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the object of knowledge. The clauses, 'not for the wish of the husband a husband is dear,' &c., therefore must be understood as follows--a husband, a wife, a son, &c., are not dear to us in consequence of a wish or purpose on their part, 'may I, for my own end or advantage be dear to him,' but they are dear to us for the wish of the Self, i.e. to the end that there may be accomplished the desire of the highest Self--which desire aims at the devotee obtaining what is dear to him. For the highest Self pleased with the works of his devotees imparts to different things such dearness, i.e. joy-giving quality as corresponds to those works, that 'dearness' being bound in each case to a definite place, time, nature and degree. This is in accordance with the scriptural text, 'For he alone bestows bliss' (Taitt. Up. II, 7). Things are not dear, or the contrary, to us by themselves, but only in so far as the highest Self makes them such. Compare the text, 'The same thing which erst gave us delight later on becomes the source of grief; and what was the cause of wrath afterwards tends to peace. Hence there is nothing that in itself is of the nature either of pleasure or of pain.'

But, another view of the meaning of the text is proposed, even if the Self in the clause 'for the desire of the Self' were accepted as denoting the individual Self, yet the clause 'the Self must be seen' would refer to the highest Self only. For in that case also the sense would be as follows--because the possession of husband, wife, and other so-called dear things is aimed at by a person to whom they are dear, not with a view of bringing about what is desired by them (viz. husband, wife, &c.), but rather to the end of bringing about what is desired by himself; therefore that being which is, to the individual soul, absolutely and unlimitedly dear, viz. the highest Self, must be constituted the sole object of cognition, not such objects as husband, wife, wealth, &c., the nature of which depends on various external circumstances and the possession of which gives rise either to limited pleasure alloyed with pain or to mere pain.--But against this we remark that as, in the section under discussion, the words designating the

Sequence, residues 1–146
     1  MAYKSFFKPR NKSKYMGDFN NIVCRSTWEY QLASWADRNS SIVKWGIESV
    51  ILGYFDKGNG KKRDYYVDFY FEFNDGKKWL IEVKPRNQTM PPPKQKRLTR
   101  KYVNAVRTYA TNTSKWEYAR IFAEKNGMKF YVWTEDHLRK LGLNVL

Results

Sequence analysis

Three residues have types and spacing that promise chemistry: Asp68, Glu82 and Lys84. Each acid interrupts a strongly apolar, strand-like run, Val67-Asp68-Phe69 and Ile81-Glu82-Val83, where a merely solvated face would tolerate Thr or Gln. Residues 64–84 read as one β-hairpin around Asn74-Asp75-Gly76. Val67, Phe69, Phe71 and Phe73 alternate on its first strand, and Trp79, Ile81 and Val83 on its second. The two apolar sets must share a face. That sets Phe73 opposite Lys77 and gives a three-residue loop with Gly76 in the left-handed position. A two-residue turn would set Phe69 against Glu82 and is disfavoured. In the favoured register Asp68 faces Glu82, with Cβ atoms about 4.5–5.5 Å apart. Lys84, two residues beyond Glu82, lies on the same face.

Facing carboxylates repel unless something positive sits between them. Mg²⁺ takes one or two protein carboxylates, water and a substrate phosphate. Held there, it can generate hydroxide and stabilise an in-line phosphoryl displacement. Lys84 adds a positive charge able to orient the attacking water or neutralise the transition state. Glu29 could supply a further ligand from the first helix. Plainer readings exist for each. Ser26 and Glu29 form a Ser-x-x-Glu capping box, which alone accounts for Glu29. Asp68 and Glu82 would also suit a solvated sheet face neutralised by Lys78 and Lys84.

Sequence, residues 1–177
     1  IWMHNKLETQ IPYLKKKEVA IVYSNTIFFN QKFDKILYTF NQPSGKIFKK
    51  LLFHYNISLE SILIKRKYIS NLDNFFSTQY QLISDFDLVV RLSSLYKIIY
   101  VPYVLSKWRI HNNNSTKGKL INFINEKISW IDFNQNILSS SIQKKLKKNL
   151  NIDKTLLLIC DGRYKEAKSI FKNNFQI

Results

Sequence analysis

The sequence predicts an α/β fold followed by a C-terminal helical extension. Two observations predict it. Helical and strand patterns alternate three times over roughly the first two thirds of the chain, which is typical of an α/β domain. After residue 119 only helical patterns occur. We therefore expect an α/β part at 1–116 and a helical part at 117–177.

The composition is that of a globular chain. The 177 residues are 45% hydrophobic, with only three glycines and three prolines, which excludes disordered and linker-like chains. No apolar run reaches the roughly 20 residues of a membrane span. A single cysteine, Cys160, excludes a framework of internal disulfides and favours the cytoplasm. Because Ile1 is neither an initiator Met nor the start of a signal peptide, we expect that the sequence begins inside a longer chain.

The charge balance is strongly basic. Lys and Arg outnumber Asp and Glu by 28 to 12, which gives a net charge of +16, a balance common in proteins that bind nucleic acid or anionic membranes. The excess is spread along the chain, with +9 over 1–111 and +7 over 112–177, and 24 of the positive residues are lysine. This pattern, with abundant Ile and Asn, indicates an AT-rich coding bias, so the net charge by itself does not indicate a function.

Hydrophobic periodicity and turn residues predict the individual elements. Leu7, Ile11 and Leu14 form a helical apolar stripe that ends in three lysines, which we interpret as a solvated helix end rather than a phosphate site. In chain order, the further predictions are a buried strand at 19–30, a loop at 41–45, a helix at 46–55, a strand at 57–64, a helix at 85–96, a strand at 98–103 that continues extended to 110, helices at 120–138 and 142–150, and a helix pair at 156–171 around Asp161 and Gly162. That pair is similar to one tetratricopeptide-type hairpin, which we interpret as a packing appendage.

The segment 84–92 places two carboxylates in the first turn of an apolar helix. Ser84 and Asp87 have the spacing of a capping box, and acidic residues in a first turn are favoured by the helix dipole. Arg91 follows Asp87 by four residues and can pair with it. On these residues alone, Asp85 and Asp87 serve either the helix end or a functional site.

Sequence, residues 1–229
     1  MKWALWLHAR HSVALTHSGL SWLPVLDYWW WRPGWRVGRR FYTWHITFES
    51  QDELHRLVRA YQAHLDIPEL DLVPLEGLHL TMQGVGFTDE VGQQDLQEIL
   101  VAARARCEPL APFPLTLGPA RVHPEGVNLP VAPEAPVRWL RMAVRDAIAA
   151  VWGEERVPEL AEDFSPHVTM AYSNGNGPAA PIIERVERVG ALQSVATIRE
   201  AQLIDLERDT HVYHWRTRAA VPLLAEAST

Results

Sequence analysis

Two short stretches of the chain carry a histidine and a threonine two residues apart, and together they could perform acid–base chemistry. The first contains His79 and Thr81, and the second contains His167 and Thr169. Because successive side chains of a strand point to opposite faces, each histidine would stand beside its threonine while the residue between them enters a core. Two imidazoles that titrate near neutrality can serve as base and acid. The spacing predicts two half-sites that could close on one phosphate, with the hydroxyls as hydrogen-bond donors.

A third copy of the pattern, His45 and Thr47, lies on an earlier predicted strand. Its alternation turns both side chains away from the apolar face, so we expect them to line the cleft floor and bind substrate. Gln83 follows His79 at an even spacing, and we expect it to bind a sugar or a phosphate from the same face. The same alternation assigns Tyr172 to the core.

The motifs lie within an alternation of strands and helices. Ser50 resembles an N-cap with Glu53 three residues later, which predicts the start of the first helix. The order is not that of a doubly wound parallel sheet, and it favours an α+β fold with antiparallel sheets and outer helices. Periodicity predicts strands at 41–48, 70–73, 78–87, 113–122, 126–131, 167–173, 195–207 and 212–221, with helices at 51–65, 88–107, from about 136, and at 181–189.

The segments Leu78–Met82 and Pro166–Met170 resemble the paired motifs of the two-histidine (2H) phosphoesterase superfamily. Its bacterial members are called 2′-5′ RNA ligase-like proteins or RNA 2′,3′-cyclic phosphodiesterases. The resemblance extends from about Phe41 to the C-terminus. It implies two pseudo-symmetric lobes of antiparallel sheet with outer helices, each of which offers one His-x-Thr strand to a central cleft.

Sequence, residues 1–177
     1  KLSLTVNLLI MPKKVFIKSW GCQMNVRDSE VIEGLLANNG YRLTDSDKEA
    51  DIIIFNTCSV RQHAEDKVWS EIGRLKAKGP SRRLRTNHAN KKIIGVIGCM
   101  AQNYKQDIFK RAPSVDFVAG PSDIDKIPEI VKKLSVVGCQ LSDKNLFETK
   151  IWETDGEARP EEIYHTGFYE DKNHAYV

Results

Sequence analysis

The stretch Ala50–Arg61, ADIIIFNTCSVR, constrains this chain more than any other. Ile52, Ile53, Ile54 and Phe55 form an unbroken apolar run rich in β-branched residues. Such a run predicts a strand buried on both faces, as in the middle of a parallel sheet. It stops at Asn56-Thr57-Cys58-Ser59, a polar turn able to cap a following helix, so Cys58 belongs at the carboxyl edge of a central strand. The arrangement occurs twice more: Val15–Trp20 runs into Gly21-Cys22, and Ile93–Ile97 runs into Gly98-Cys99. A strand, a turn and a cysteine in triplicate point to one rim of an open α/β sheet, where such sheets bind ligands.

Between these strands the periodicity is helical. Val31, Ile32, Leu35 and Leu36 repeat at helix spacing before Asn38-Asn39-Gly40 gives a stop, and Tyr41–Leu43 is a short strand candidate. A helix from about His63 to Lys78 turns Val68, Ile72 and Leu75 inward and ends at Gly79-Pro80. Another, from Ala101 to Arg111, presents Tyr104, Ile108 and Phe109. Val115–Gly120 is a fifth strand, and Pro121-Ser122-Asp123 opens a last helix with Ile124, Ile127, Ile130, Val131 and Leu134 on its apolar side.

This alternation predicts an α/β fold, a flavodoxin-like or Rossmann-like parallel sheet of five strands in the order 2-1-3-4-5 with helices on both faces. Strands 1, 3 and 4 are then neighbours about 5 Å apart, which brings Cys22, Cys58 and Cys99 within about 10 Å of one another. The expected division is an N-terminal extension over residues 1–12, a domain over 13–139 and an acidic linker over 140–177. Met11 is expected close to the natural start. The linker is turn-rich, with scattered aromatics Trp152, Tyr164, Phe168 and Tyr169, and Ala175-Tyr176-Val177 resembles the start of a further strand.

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individual Self denote the highest Self also, 1, the term 'Self' in both clauses, 'For the desire of the Self' and 'The Self is to be seen,' really refers to one and the same being (viz. the highest Self), and the interpretation thus agrees with the one given above.--In order to prove the tenet that words denoting the individual soul at the same time denote the highest Self, by means of arguments made use of by other teachers also, the Sûtrakâra sets forth the two following Sûtras.